Auto-Lab: ‘Much ado about nothing’
KANKAKEE — Auto-Lab Complete Car Care Center opened in early July, but did so without the plumbing equipment required of car repair businesses, according to Kankakee records.
In June, the firm was given 60 days to take care of the problem. But at some point after that, someone crossed off the words “60 days” from the inspection report and wrote “90 day(s).”
That change was not initialed or signed. Tomora Nelson, the city’s code enforcement director, said building inspector Phillip Leppert made the change.
In June, the city’s plumbing inspector, Mike Magruder, wrote in his report that he met with the owner, plumbing contractor and state plumbing inspector about installing a gas and oil interceptor. Such state-mandated equipment keeps contaminants out of the sewer system.
According to Magruder’s report, Auto-Lab did not comply with a state regulation that requires floor and trench drains that drain to an approved gas and oil interceptor before waste goes into the city sewer.
Contacted this week, Magruder referred questions to Mayor Chasity Wells-Armstrong, who asked Nelson to answer.
Nelson said Auto-Lab has an “old and outdated” system in place that needs to be upgraded. Any spillage that happens is wiped up, so contaminants don’t enter the sewer system, she said.
The state usually gives businesses six months to update systems, Nelson said, but the city decided to go with 90 days.
“The city met with the state plumbing inspector, and they decided 90 days would be sufficient,” Nelson said.
Wanda Lewis-Fullmer, co-owner of Auto-Lab at 382 N. Schuyler Ave., said her business is not putting contaminants into the city sewer system. The business already has the equipment in question, but needs to upgrade it “based on the current code,” she said.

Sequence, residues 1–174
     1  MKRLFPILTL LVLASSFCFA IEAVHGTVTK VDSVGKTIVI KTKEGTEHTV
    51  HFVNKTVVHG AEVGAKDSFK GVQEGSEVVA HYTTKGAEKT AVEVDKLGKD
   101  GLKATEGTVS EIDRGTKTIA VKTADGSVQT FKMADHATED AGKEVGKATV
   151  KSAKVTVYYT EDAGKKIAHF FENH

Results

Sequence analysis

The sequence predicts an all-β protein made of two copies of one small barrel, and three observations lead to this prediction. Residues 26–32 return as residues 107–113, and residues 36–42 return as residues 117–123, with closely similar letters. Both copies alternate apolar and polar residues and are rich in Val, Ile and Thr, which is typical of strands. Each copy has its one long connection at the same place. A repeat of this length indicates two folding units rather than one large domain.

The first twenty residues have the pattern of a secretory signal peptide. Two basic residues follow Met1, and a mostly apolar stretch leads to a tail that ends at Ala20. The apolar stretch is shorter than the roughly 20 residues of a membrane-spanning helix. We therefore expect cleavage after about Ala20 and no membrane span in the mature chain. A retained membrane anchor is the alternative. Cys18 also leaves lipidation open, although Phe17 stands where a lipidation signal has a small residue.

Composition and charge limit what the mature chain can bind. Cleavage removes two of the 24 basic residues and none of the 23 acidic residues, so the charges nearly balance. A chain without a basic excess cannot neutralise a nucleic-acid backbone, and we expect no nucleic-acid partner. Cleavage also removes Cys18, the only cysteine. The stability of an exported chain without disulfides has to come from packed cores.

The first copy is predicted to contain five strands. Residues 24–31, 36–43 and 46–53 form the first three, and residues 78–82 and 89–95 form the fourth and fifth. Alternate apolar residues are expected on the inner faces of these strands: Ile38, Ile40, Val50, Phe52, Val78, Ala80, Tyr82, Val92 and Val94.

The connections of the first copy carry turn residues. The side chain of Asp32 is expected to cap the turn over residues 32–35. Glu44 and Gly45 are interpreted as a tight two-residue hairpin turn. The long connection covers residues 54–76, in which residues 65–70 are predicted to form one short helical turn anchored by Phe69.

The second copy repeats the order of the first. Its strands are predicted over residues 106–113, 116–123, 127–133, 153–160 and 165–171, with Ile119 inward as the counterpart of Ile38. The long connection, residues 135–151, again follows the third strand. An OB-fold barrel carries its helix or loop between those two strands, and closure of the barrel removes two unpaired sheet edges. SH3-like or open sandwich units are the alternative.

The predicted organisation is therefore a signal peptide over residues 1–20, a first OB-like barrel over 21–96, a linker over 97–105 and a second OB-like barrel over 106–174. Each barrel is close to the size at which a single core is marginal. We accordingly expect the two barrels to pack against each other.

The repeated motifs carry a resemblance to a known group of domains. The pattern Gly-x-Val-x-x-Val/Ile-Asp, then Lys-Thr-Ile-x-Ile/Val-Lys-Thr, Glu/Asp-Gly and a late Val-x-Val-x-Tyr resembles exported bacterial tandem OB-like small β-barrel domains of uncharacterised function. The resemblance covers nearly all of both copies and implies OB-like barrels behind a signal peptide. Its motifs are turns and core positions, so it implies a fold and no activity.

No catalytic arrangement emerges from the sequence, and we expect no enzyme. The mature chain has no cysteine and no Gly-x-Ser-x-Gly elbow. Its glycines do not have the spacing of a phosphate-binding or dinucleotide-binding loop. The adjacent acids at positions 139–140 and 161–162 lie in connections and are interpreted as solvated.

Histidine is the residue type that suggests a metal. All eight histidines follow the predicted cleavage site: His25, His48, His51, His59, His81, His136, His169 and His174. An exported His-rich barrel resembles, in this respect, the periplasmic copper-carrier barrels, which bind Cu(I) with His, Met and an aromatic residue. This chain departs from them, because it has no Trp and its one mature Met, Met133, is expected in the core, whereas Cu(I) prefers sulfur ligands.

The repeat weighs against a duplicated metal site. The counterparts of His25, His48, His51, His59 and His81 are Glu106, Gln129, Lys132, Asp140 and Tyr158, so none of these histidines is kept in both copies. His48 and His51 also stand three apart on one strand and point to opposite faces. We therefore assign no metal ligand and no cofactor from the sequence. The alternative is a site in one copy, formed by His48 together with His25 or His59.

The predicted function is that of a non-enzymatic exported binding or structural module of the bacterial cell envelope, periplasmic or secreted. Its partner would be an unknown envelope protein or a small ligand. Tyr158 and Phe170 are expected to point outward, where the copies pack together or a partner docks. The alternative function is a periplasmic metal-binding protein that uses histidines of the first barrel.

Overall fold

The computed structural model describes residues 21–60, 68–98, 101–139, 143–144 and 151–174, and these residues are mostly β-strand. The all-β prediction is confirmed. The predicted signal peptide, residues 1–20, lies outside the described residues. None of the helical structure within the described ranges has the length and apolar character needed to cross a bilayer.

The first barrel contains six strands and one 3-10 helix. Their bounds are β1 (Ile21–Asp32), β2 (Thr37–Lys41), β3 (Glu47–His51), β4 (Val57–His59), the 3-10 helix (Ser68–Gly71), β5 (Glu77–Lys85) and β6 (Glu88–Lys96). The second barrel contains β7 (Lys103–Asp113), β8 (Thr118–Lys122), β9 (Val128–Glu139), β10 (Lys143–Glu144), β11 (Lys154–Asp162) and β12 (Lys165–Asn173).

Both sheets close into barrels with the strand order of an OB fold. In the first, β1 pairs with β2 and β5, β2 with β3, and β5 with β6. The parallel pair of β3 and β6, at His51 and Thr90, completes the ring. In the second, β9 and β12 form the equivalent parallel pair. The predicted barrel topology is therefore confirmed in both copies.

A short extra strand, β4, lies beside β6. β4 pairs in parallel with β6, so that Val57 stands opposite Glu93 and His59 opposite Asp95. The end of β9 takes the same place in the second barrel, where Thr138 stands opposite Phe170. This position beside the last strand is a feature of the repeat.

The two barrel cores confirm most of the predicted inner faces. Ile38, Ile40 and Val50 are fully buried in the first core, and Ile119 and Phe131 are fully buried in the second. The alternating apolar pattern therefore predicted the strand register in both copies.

“We don’t have spillage. This is much ado about nothing,” she said.
Her husband, Larry Fullmer, the other-co-owner, said Auto-Lab went “above and beyond in getting equipment that is not required.” He said the project would be done by the new deadline, Sept. 15, adding that it was using local contractors.
The Fullmers said they didn’t want to comment further until they were able to consult with their lawyer.
Brian Cox, the state’s plumbing and water quality manager, said the state doesn’t allow people to put dangerous contaminants into sewer system for any amount of time because they can be flammable, creating the potential for explosions.
The Kankakee River Metropolitan Agency, which maintains sewers in Kankakee and nearby towns, has not heard of any issues associated with Auto-Lab, said Art Strothers, the agency’s superintendent.
Auto-Lab received its property free from the city last year, which officials say is an economic boost for a struggling part of town.
Pat Wilder, owner of All Automotive shops in Kankakee and nearby towns, questions why the city granted the Fullmers the property, apparently without letting others know of the opportunity. Wilder maintains he and others were willing to buy the property.
Wilder also questions how the city has handled Auto-Lab’s code issues. The city, he contends, would have required any other shop to install the proper plumbing equipment before opening.
He has expressed his views on Facebook and sent emails to all the city’s aldermen about Auto-Lab’s code issues. He said he wanted to know who granted the last extension.
“Was it the mayor? Was it the head of code? Was it the building inspector? No one signed this legal document. I have emailed all the aldermen. Not one has responded about who gave (Auto-Lab) the 30 extra days,” Wilder said in an interview. “There’s no accountability whatsoever.”
The Fullmers, who are from Sheridan but say they live in Kankakee now, say they have invested a half million dollars in the Auto-Lab property.
The long-vacant property on Schuyler Avenue came into the city’s possession in a tax sale in 2016. The city paid $600.